As AI chips improve, is TOPS the best way to measure their power?

#artificialintelligence

Once in a while, a young company will claim it has more experience than would be logical -- a just-opened law firm might tout 60 years of legal experience, but actually consist of three people who have each practiced law for 20 years. The number "60" catches your eye and summarizes something, yet might leave you wondering whether to prefer one lawyer with 60 years of experience. There's actually no universally correct answer; your choice should be based on the type of services you're looking for. A single lawyer might be superb at certain tasks and not great at others, while three lawyers with solid experience could canvas a wider collection of subjects. If you understand that example, you also understand the challenge of evaluating AI chip performance using "TOPS," a metric that means trillions of operations per second, or "tera operations per second."


What our staff bought in September

Mashable

If you follow Mashable Shopping's coverage, you know that we live to bring you the best product recommendations we can find based on countless hours of online research. But, what about the stuff that we buy for ourselves? The stuff that made it into our shopping carts? Well, we're here to tell you about those things, and we'll be back every month to do so again. Here's what the staff bought in September 2020.


'Genshin Impact' tries an interesting live service trick: Make a good game at launch

Washington Post - Technology News

Otherwise, the characters are all fleshed out. The plot starts out simple: After wandering the strange new land in search of your sister, you stumble upon a kingdom besieged by a dragon, among other bad things happening. The story doesn't overwhelm you with new jargon like most role-playing games do, and it's not only easy to follow, but fleshed out. The more attractive the characters are in looks and personality, the more players will want to spend money to roll for a chance to earn them to play in the game.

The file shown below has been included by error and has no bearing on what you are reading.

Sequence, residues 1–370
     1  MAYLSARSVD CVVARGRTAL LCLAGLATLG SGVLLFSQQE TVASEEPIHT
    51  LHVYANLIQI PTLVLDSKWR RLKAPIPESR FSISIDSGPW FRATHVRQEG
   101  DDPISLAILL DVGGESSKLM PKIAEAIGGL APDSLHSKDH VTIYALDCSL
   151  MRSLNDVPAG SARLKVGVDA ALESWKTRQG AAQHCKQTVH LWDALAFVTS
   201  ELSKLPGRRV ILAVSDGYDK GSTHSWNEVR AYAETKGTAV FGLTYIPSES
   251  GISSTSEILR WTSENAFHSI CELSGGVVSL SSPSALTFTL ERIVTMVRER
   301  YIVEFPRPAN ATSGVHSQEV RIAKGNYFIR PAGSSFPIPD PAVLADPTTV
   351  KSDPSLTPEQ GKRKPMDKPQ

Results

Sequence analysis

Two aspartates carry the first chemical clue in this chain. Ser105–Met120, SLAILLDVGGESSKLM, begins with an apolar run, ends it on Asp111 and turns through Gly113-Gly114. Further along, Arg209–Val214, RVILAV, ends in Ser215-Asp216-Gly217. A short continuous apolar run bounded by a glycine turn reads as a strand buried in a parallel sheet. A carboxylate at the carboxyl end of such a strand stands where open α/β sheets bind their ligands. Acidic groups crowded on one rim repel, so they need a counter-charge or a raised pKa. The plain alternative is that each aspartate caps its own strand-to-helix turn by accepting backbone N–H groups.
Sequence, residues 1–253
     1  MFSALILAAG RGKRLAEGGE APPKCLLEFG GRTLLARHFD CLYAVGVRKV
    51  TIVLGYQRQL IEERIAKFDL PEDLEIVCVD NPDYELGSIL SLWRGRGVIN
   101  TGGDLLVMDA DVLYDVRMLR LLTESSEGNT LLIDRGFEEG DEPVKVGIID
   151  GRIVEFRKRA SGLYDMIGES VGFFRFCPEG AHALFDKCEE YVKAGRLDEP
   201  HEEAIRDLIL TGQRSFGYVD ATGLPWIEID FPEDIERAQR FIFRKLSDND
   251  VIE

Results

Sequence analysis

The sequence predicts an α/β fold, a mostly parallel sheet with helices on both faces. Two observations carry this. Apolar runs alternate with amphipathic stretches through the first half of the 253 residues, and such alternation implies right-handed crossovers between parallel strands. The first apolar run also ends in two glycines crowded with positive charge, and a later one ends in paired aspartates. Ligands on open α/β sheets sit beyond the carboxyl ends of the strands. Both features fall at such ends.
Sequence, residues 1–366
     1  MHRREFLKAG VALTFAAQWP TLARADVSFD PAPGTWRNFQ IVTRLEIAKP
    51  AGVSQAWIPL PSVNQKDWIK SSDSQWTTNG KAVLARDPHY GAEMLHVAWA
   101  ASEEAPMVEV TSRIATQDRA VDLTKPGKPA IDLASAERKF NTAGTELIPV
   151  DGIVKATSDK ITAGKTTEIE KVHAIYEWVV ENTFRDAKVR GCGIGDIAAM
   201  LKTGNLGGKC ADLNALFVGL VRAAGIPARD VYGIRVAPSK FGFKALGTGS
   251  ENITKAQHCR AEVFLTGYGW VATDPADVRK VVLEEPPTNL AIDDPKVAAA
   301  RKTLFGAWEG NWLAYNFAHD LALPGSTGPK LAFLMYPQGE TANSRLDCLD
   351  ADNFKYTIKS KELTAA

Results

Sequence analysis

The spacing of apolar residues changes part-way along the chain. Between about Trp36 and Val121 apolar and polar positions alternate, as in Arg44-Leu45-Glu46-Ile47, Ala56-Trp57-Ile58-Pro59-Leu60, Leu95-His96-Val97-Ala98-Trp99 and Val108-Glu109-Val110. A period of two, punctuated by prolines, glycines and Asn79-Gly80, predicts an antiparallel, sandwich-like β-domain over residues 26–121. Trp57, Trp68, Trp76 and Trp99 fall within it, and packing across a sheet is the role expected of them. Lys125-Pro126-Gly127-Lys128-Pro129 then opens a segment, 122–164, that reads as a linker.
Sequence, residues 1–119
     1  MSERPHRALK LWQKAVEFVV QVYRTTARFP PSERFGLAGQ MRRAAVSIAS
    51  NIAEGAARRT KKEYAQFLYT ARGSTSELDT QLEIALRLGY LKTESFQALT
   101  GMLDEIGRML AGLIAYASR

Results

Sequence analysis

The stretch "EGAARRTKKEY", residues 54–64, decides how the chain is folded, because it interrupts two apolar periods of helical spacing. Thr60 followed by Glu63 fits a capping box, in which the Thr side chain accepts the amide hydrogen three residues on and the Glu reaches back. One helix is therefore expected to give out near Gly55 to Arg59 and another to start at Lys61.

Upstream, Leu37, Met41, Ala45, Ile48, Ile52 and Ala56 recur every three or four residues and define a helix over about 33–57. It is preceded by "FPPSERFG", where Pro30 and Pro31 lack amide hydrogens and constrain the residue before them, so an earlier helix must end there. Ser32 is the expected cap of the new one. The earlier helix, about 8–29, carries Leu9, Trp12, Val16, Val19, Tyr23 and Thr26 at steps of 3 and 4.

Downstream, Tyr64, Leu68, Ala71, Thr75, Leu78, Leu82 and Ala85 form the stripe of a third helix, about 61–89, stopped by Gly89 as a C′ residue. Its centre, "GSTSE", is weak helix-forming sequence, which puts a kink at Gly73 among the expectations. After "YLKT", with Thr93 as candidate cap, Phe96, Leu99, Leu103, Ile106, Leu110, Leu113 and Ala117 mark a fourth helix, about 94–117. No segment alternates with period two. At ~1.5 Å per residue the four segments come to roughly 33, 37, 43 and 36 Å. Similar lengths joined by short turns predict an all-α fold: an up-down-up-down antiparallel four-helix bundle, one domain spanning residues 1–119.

Robot named 'Curly' uses AI to beat one of the world's best curling teams at their own game

Daily Mail - Science & tech

An artificial intelligence equipped robot named'Curly' beat one of the world's best curling teams by quickly adapting to changes in the ice, its developers claim. The sport of curling involves constantly changing and uncontrollable environmental conditions - providing the perfect'test bed' for an AI-driven robot. Curly, who delivers the stone but doesn't sweep, won three out of four official matches against the Korean Olympic silver-medal winning women's team. The robot was developed by researchers from Korea University, who said this development narrows the gap between computer simulators and the real world. It's hoped the deep learning techniques developed for Curly could be applied to other robots that need to work'in the real world' and adapt to changing conditions.


Learn how to build a video game by recreating 'The Legend of Zelda'

Mashable

TL;DR: Create your own game with the Build The Legend of Zelda Clone in Unity3D and Blender course for $35, an 82% savings as of Sept. 30. If you're curious to know what makes Zelda a hit among gamers, you may want to consider finding out how it was created in the first place. The Build The Legend of Zelda Clone in Unity3D and Blender course will show what makes a game like Zelda tick, and give you an intro to game development and design to boot. You'll get a shot at recreating The Legend of Zelda -- a Nintendo classic. Taught by John Bura, a seasoned game programmer and educator, this course is designed to help you develop a game from scratch using Unity (a game engine) and Blender (an open-source 3D computer graphics software toolset).